I would hazard a guess that most of us grew up with parents who regularly used corporal punishment. I, for one, clearly remember crying in my room after a hiding and swearing that I would NEVER treat a child the way I was treated. I have since learnt that if you say you’ll “never” do something either God or The Universe conspires to make you eat your words! That said, I never felt the need to really HURT my children (like I was hurt). A whack with an open hand on a bottom covered by a diaper doesn’t hurt but it does stop the bad behaviour! I have to also say that the whack was only in response to a potentially dangerous situation (like reaching for a pot on the stove). By the time they went to preschool they no longer needed smacks because things like time-out actually worked when they were older.
Totally agree re: the way too much and often contradictory information we are given as parents in the West. I hate that I have to pick a philosophy for everything and then second guess my decision once I hear new information. Sometimes I wish there were just no choice in the matter. You do it because you mom and all your neighbors do it and that settles it. But I guess that’s the basic paradox of the modern world – all the choice we have is as liberating as it is disorienting.
Seems to me, the Kenyans understand both Reactive Tantrums and Processing Tantrums and deal with them in ways the human brain understands. What have we lost and what do we need to relearn?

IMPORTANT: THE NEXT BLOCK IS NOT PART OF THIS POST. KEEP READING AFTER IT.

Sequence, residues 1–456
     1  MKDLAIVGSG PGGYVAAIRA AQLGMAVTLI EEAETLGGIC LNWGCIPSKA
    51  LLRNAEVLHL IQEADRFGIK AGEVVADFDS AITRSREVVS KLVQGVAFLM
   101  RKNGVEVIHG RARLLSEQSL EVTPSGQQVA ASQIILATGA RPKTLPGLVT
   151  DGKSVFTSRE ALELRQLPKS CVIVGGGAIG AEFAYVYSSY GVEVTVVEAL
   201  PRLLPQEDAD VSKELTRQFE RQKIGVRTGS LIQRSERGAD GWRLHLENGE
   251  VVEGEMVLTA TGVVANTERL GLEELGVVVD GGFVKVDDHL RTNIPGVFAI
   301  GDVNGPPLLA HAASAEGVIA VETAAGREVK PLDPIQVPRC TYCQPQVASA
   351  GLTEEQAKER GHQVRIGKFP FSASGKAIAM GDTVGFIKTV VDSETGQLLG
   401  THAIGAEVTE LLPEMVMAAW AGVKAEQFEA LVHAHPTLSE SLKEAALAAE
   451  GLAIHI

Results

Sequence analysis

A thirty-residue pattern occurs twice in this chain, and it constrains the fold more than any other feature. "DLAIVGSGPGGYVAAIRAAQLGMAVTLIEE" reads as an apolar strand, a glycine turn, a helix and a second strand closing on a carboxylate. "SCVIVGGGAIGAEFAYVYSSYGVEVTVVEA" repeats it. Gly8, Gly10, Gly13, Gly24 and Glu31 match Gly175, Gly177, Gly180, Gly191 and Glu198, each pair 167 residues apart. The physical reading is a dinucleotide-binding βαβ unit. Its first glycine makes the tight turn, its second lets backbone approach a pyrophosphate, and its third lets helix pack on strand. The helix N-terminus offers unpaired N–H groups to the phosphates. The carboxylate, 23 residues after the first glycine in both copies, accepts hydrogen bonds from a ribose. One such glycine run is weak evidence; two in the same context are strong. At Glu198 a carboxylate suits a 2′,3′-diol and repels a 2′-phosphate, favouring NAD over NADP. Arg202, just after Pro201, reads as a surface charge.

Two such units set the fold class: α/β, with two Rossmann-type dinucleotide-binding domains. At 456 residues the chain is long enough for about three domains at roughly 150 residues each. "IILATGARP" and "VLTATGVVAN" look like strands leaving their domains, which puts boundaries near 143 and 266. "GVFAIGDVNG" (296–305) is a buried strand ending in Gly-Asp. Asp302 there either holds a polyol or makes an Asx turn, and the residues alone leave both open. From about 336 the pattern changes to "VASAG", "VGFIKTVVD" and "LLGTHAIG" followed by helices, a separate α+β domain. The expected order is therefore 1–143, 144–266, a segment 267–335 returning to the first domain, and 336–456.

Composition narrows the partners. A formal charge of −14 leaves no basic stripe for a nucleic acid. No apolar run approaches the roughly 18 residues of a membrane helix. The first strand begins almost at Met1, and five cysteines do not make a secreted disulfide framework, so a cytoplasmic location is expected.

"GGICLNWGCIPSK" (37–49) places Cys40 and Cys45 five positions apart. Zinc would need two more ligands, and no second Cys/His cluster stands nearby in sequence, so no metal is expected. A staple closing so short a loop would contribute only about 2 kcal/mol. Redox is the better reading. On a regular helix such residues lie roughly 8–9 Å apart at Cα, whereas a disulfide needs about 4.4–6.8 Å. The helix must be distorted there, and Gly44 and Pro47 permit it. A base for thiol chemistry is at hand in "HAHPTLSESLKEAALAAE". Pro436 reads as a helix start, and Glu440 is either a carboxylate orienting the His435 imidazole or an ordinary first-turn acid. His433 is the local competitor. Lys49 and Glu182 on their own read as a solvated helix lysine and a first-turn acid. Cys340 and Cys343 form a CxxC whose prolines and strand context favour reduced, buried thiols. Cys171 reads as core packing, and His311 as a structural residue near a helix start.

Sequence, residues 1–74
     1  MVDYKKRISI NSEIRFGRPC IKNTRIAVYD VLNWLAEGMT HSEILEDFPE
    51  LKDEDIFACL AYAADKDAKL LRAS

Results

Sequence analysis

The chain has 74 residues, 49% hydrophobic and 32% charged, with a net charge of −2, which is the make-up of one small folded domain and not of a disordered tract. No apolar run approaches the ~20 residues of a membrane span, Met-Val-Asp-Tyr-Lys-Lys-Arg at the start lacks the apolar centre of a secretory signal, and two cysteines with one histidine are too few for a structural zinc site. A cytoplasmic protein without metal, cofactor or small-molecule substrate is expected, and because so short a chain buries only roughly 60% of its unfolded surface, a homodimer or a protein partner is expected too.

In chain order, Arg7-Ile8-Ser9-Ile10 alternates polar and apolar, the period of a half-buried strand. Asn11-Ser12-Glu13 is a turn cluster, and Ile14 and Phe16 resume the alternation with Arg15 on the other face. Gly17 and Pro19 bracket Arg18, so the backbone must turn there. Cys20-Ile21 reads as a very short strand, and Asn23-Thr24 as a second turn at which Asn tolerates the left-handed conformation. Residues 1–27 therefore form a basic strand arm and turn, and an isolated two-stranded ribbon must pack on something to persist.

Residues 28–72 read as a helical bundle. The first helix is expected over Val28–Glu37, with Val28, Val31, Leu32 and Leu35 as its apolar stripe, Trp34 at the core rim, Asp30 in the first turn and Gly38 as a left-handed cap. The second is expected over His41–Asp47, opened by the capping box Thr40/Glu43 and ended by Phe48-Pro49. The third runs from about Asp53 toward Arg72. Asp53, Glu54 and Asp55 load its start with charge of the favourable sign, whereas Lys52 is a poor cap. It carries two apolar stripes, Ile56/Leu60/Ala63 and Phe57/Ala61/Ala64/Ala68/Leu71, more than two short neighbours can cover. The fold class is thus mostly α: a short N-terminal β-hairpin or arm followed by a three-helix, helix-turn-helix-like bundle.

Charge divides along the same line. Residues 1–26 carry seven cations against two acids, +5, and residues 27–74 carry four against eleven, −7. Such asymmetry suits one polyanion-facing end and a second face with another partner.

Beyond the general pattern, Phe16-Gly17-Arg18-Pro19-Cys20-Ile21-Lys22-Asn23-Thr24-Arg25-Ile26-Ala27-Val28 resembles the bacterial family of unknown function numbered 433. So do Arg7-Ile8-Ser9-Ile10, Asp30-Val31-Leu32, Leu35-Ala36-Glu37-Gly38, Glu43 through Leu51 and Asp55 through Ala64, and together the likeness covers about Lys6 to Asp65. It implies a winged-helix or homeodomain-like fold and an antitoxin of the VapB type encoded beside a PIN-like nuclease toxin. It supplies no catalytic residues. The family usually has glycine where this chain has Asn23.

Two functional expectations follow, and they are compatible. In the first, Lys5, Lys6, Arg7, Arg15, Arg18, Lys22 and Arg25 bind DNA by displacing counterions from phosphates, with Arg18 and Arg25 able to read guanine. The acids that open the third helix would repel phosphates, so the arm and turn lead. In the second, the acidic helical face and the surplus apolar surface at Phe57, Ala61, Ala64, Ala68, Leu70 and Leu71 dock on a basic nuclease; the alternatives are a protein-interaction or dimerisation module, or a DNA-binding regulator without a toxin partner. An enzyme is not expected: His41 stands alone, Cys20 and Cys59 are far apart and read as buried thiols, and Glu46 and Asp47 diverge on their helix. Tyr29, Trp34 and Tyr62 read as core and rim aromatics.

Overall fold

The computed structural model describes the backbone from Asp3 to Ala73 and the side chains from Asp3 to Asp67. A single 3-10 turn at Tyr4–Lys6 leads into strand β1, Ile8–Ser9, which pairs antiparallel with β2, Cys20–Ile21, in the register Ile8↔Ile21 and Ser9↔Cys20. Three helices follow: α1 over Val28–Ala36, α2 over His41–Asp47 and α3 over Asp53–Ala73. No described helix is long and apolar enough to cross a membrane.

Karyn, I’m so interested to learn more about what you mean here!! I’m about to google “reactive tantrums and processing tantrums” but would love to hear more of your thoughts!
They’re terms I’ve coined, Kim, so they won’t be anywhere yet! The book is due out soon. Promise.
Thanks for another thoughtful post, Kim. The questions you raise are important, the answers elusive. Personally, I feel pretty clear on the principle of corporal punishment. No one should beat children. (It’s actually forbidden in the Baha’i Faith). Whether a “whack” rises to that standard or not can be debated. Like Simona, the universe – as manifested through our oldest son as a two-year-old – humbled my absolutism when he insisted on putting his finger in an electric socket. No amount of reasoning worked; a light slap on the wrist did.
That’s a slippery slope, though. It’s so easy to move from light slaps to painful, regular, physical punishment. Then what happens when there is no one stronger than the child to intimidate her? And is not corporal punishment why so many rural African children are so quiet and very well-behaved, yet remain silent in school and struggle with creative thinking there?
The root of the word “discipline” is the Latin word “discipulus,” or “disciple.” It’s about learning (“discere” in Latin, also related), about following, about wanting to be good. As a parent and educator I have no magic answers for how best to achieve this, but I’m certain that it can’t be based on fear of physical punishment – for practical as well as moral reasons.
All of this illustrates something I believe firmly about culture, our own and others and how we can learn from one another. Some things in any given culture are core principles that should be safeguarded. Some are variations that add diversity to the human family and should be appreciated as such, whether emulated or not. And some things, in every culture (certainly mine), must be re-examined and reformed.
For me, how we discipline our children without beating them falls squarely into the first category. In which bed should a child sleep? Now that’s a very interesting variation question.